• The effect of audit committee characteristics on intellectual capital disclosure

      Li, Jing; Mangena, Musa; Pike, Richard H. (2012-06)
      This paper, using data from 100 UK listed firms, investigates the relationship between audit committee characteristics and intellectual capital (IC) disclosure. We find that overall IC disclosure is positively associated with audit committee characteristics such as the size and frequency of meetings, and negatively associated with audit committee directors’ shareholding. We find no significant relationship between IC disclosure and audit committee independence and financial expertise. We also observe that the association between audit committee characteristics and IC disclosure varies with the IC components (i.e. human capital, structural capital and relational capital), suggesting that the underlying factors that drive various components of IC disclosure are different. These results have important implications for policy-makers in that they confirm that the effectiveness of audit committees in the corporate reporting processes is a function of certain characteristics.
    • The effect of audit committee shareholding, financial expertise and size on interim financial disclosures.

      Mangena, Musa; Pike, Richard H. (2005)
      In recent years, corporate failures and accounting irregularities have led to concerns about the effectiveness of audit committees in the financial reporting process. In response, corporate governance committees in different countries have made specific recommendations designed to enhance the role of the audit committee in executing its financial reporting oversight duties. We investigate in this study, the effect of some of the recommendations by empirically examining the relationship between selected audit committee characteristics and the level of disclosure in interim reports of a sample of 262 UK listed companies. Specifically, the audit committee characteristics examined are shareholding of audit committee members (as a proxy for audit committee independence), audit committee size and audit committee financial expertise. Employing both a weighted and unweighted index to measure interim disclosure, the results indicate a significant negative association between shareholding of audit committee members and interim disclosure. Our results provide evidence of a significant positive association between interim disclosure and audit committee financial expertise. We find no significant relationship between audit committee size and the extent of disclosure in interim reports. Overall, however, our results suggest that audit committee characteristics have an impact on its monitoring effectiveness of the financial reporting process. These results have important implications for corporate governance policy-makers who have a responsibility to prescribe appropriate corporate governance structures to ensure that shareholders are protected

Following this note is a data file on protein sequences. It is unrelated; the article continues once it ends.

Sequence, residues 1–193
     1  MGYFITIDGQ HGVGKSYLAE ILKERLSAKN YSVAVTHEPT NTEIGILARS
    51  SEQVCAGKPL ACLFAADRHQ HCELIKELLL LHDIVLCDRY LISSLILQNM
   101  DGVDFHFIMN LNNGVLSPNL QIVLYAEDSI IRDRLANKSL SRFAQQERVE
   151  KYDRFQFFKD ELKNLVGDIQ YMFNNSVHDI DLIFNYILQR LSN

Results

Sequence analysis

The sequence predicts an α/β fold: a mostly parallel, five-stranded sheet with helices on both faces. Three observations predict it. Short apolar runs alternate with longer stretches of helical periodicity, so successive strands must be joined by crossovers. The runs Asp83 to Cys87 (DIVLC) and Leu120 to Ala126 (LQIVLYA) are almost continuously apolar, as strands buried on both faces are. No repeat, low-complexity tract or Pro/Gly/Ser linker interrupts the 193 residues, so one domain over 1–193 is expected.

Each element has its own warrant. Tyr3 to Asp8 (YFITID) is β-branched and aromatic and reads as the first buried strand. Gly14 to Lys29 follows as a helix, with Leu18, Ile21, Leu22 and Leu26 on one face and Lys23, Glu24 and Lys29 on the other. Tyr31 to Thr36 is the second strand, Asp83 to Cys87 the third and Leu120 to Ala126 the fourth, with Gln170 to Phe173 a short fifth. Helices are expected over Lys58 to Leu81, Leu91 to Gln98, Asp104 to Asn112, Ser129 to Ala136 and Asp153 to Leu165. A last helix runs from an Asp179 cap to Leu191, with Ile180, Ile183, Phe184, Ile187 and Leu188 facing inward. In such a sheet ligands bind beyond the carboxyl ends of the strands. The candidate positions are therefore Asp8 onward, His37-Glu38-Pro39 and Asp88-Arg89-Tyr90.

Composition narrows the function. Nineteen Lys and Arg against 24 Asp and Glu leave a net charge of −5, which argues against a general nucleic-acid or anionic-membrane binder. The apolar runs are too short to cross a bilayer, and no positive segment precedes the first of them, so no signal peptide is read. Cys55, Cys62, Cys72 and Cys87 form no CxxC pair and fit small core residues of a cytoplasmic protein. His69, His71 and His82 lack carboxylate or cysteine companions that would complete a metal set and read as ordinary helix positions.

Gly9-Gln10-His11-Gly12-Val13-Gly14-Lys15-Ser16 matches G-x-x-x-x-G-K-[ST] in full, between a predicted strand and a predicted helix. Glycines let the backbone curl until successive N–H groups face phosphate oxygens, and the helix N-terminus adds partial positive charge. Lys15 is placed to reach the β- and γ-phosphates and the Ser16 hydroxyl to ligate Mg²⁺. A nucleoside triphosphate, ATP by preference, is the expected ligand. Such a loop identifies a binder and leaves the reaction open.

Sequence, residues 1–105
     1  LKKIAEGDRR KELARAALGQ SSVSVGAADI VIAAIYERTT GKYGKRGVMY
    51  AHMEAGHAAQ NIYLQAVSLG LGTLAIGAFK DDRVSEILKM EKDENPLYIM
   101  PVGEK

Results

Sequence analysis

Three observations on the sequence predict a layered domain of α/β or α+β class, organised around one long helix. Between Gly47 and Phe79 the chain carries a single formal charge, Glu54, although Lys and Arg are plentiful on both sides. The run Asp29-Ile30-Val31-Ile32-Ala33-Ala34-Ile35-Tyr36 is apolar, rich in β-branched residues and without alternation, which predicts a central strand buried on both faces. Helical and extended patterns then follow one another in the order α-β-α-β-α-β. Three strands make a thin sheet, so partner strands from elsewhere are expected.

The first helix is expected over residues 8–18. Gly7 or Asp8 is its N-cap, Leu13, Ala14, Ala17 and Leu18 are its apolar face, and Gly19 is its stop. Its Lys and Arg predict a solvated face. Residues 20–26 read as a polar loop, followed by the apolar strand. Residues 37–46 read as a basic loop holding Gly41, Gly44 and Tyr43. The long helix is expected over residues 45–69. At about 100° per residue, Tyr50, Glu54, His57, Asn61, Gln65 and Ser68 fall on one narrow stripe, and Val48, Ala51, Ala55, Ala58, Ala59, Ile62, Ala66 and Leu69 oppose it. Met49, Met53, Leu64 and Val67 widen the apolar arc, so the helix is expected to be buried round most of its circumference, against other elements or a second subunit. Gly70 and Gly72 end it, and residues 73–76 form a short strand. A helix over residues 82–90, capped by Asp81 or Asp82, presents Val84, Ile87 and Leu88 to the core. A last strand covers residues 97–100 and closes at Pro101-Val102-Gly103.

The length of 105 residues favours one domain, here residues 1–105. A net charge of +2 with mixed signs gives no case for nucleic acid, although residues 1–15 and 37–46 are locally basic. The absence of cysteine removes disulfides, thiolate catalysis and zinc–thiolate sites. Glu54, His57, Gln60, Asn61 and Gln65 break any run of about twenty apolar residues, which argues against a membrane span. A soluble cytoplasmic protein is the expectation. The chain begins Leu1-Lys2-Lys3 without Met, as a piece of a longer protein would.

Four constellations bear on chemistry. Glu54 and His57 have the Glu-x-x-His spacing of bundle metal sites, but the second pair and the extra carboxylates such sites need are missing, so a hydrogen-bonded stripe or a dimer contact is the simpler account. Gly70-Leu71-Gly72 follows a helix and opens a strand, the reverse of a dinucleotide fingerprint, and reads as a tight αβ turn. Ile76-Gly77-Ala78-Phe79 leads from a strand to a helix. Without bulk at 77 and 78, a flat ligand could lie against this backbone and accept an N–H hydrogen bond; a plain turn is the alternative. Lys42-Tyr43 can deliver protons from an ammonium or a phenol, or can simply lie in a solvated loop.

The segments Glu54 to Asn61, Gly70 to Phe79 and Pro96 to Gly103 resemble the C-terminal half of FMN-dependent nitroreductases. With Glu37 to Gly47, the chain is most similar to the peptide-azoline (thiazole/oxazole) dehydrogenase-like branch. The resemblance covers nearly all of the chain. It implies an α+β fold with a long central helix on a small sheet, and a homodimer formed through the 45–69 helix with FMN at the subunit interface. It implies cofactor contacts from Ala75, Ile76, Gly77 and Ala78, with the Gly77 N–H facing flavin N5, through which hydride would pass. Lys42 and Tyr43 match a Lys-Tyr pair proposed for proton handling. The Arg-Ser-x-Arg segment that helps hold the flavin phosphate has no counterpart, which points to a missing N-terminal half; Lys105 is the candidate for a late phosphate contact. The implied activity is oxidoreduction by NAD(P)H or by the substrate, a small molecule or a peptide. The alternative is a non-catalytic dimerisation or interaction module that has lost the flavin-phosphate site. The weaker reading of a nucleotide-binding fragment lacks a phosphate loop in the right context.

• Goal-setting participation and goal commitment: Examining the mediating roles of procedural fairness and interpersonal trust in a UK financial services organisation

      Sholihin, Mahfud; Pike, Richard H.; Mangena, Musa; Li, Jing (2011-06)
      This study investigates whether participation in goal-setting within performance measurement and evaluation processes affects goal commitment and if so, whether the effect is mediated by procedural fairness and interpersonal trust. Using a sample of 54 managers within a UK financial services organisation, this study finds that participation in goal-setting is positively associated with goal commitment. Further analysis arising from introducing procedural fairness and interpersonal trust as mediating variables reveals that the association is significantly mediated by procedural fairness. Overall, these findings offer empirical evidence on the importance of procedural fairness on the relationship between participation and goal commitment.